After all this flitting about from iteration to iteration, both DC's Shazam! (which became a kind of superhero version of Big), and Marvel's Captain Marvel (which had Oscar-winning actress Brie Larson in the title role) played well for audiences, to the tune of $140 million (the former), and $426 million (the latter), making good return for their studios.

Both films are fun and engagingly vibrant, the greater success of the MCU edition was no doubt enhanced by the tie-in of the film to the then-forthcoming Endgame (as Carol Danvers plays a hugely significant role in battling Thanos), but both proved that the comic book genre still had room to stretch itself, either by loose, comedic vibe, or feminist empowerment.

The Power of the Mouse: Frozen II & The Lion King

Finally, if there was any doubt who our new Hollywood insect overlords are at this point, Disney, the aforementioned owner of 6 of the top 10 grossing films in 2019 (including the entirety of the top five), placed both of these films, one a sequel to the highest-grossing animated film of all time, the other a live-action remake of its own animated property, in the top five.

As you can imagine, due in no small part to Disney's high-rolling marketing muscle, critical reception seemed to have little effect on the films' box office fortunes. The Lion King, whose CGI-created animals left many viewers flat, grossed a colossal $543 million despite a paltry 53% Rotten Tomatoes score. Frozen II, meanwhile, with its higher critical appraisal (RT 77%), made $421 million of its own. Either way, it seems, Disney could not lose. The Frozen sequel could have been nothing but long shots of ice chunks on a snowy mountain range and still made a profit, and by dint of its built-in audiences, the Mouse correctly deduced it could maximize its profit base by releasing live-action updates of its old animated lineup, no matter what the critical reception might have been. The lesson, as always, Disney wins.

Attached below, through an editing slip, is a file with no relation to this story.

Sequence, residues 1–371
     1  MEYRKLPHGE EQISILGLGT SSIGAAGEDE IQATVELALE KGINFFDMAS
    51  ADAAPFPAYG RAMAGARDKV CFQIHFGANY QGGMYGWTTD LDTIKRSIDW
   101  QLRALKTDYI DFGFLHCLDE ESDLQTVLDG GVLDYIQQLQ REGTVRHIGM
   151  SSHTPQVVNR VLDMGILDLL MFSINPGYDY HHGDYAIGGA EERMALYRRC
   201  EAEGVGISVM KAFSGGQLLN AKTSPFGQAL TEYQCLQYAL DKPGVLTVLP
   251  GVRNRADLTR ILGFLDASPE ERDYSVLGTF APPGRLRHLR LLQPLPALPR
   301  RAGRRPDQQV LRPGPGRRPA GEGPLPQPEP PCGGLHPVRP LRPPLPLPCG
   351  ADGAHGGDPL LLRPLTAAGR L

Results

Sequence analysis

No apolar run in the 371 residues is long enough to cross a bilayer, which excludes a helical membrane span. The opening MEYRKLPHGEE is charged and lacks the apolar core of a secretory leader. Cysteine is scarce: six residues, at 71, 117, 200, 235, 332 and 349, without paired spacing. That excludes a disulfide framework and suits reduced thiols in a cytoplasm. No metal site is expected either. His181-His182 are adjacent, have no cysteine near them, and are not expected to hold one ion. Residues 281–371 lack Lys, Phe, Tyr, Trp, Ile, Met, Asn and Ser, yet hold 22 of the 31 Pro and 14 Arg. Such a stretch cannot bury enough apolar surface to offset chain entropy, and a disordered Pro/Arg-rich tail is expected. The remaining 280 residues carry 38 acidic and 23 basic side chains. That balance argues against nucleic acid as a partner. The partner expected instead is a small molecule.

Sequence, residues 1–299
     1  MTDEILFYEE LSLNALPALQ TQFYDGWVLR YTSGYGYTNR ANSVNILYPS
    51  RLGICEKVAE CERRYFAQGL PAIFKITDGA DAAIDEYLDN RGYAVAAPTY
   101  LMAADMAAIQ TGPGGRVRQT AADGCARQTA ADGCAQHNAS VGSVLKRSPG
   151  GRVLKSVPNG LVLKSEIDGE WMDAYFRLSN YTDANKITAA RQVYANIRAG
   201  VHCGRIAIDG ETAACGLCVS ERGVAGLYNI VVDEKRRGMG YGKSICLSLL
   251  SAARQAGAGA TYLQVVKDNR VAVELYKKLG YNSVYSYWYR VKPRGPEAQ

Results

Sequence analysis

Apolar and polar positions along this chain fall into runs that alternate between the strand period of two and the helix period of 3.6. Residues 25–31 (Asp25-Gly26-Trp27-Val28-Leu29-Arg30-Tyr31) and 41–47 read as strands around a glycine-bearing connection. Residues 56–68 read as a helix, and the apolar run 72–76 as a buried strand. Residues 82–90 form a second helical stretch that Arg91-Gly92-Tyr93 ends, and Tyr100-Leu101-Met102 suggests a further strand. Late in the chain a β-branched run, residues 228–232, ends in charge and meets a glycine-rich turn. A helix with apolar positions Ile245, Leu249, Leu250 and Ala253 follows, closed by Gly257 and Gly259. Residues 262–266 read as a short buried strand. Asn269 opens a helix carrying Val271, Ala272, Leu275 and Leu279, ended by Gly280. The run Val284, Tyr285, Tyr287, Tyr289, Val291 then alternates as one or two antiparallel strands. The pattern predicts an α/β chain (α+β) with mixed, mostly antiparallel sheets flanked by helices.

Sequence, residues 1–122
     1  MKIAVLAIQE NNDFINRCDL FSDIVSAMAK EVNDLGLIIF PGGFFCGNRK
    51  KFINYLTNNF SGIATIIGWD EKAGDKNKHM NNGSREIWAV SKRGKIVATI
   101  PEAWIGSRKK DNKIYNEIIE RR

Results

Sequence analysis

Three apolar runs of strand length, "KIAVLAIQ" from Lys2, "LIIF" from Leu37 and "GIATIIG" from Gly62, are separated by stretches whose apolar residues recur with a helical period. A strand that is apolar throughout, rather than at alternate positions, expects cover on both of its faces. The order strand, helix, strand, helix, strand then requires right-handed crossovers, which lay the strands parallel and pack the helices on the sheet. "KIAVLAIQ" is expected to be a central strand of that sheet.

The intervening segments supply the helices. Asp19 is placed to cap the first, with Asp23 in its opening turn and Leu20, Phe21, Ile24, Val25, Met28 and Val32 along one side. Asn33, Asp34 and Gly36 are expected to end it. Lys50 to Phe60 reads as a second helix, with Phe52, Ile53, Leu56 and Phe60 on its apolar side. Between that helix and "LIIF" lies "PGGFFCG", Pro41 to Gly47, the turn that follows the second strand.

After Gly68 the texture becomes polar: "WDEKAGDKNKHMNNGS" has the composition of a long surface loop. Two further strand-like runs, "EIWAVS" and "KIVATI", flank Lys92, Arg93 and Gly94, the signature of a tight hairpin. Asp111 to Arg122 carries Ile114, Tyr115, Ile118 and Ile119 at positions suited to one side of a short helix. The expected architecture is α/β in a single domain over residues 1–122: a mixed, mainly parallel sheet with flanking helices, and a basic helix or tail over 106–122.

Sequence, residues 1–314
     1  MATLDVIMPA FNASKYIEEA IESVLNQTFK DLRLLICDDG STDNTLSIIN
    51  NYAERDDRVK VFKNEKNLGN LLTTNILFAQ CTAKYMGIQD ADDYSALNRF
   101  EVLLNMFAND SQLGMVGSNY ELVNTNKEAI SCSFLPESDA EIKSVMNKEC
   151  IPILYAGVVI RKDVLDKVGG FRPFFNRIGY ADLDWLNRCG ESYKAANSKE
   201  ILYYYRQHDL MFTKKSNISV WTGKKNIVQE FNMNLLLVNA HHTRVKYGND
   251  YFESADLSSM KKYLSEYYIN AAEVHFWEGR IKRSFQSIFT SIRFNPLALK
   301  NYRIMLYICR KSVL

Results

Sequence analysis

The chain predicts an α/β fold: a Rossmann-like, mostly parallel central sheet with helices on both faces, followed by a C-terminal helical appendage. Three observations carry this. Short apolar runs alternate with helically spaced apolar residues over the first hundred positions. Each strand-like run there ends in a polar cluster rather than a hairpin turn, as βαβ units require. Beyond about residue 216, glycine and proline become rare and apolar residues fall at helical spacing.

MovieStyle on 01/10/2020

Print Headline: The year in blockbusters: An assault on the senses